New Adult Resources Wanted

There are sooooo many people posting writing tips on the internet. So how is it that I cannot find the advice that I actually need?

How to get an idea for a story is not my problem; I have plenty of ideas that pop into my head all the time.

Struggling to reach a 50,000-word count is not my problem. The first book in my current series is at 200,000 words! PLEASE don’t encourage me to multiply my words or tell me how to lengthen my story! I want to know what to condense, what to cut, and what to move to the next book.

“There are plenty of online resources.”

WHERE IS THE NEW ADULT COMMUNITY?!?!?! Seriously, Young Adult is everywhere. But when it comes to New Adult, all a Google search does is turn up lists of NA books, or YA writing resources. Can somebody please point me to where I can research the NA Romance and Fantasy genres specifically? Or where I can find an NA forum community? Or an NA critique partner? Everyone is promoting publishing for NA. Great! But I’m not there yet! I want stuff to help me get there! I want people to point out what I don’t already see. So where are those people?! The writing community is so big, I don’t understand why this is a problem! There is only one book I have been able to find about writing New Adult fiction, by Deborah Halverson, and I own it, and it’s uber helpful. Am I to believe that this is the only book marketed on the subject?

Alright, I’m done ranting. But this isn’t just a rant; it’s a cry for help. I’m mostly past the my-story-is-my-baby-please-don’t-slaughter-it sentiment; now whenever someone offers constructive criticism on my story I’m ecstatic, because it’s so rare. So if you know of a writing community, or a conference, or a workshop, or something that can help me with writing New Adult Paranormal Romance set in a fantasy world, I would LOVE for you to comment. Blog recommendations, book recommendations, forums…anything.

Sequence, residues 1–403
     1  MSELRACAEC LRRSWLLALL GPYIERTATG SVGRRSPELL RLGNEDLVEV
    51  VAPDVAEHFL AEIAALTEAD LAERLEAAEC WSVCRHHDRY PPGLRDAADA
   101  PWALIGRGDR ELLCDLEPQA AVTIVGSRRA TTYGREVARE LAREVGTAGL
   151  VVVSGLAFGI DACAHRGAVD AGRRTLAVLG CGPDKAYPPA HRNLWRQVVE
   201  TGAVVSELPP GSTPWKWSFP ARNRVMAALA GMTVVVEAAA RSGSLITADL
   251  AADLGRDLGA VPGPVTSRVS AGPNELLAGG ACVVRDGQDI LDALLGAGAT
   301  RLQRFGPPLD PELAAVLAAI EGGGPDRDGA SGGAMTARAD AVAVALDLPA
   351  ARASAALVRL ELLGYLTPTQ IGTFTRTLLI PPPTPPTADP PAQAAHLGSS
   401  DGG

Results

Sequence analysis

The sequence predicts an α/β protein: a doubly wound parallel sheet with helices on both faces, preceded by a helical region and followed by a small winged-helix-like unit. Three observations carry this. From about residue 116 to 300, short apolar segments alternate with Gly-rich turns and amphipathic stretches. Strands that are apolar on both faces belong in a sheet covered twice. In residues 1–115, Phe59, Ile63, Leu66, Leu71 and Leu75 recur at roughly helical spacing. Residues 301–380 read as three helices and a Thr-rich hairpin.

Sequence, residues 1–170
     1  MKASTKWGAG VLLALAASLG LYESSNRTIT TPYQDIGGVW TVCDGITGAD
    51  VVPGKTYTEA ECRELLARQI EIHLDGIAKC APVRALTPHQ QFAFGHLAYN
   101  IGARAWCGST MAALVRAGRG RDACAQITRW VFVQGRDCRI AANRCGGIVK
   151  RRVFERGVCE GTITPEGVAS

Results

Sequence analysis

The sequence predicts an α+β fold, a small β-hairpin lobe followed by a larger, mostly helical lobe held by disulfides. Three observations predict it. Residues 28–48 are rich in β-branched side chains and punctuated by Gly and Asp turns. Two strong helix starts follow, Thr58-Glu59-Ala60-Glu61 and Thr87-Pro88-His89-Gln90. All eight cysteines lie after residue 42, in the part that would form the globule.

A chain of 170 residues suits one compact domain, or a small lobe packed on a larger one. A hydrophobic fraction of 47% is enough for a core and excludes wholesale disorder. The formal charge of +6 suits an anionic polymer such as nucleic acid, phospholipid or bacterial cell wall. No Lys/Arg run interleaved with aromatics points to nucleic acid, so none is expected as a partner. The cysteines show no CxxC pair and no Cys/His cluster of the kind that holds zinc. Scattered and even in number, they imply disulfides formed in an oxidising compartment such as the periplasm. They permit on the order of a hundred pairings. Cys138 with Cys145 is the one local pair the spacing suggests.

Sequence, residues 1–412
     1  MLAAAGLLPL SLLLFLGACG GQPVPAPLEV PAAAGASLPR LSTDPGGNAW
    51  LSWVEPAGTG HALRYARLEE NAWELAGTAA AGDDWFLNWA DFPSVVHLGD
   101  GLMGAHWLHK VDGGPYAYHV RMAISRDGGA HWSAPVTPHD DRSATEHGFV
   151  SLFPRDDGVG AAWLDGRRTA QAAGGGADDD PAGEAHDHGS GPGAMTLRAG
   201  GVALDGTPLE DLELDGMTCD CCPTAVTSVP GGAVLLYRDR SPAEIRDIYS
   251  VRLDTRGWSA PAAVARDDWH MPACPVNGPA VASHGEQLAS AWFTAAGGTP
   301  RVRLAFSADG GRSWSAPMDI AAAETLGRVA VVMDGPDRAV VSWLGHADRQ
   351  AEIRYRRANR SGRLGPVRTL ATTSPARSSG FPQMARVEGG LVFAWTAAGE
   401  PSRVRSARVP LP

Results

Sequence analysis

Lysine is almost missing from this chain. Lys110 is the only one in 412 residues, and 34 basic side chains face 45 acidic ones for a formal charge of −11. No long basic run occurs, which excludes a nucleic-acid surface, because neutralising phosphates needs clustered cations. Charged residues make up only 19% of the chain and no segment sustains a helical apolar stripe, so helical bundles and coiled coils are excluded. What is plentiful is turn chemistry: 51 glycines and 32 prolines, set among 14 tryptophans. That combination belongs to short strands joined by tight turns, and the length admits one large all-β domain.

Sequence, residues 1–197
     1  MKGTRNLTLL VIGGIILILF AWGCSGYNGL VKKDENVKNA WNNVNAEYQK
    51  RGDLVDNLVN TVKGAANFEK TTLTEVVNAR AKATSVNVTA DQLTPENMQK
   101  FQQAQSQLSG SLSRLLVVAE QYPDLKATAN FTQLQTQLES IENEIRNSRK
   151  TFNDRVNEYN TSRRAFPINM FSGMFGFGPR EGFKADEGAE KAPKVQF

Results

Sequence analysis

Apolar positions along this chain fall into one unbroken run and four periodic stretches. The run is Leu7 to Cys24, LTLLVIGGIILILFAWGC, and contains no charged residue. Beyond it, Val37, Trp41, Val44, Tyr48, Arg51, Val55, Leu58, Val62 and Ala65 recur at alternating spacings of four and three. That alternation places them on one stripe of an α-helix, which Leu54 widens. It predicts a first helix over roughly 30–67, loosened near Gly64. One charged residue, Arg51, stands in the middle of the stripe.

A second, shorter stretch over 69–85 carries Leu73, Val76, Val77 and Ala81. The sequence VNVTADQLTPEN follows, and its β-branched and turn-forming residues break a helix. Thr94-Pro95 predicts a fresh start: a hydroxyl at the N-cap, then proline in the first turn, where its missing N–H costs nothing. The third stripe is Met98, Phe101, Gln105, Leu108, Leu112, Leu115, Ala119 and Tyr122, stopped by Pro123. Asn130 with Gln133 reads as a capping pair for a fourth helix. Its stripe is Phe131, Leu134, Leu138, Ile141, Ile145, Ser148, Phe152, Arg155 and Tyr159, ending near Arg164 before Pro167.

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5 responses to “New Adult Resources Wanted

  1. Are you on LinkedIn? There seems to be a group for almost every genre on there. People are mostly helpful with comments and advice, but (of course) you do get the occasional jerk know-it-all. Good luck with your work!

    • Young Adult books feature teenage protagonists who are still under someone else’s authority–their school or their parents, for example. New Adult books, by contrast, follow protagonists who are in the 18-25 age bracket, meaning they’re exploring their newfound freedom and learning who they are as adults. In short, New Adult bridges the gap between the Teen section and the Adult aisles in the bookstore. (That’s the really simple version.) Because of this difference in age and focus, New Adult fiction can cover a range of more mature content, which is deemed unacceptable for Young Adult, while still playing off the emotional dynamics portrayed in Young Adult.

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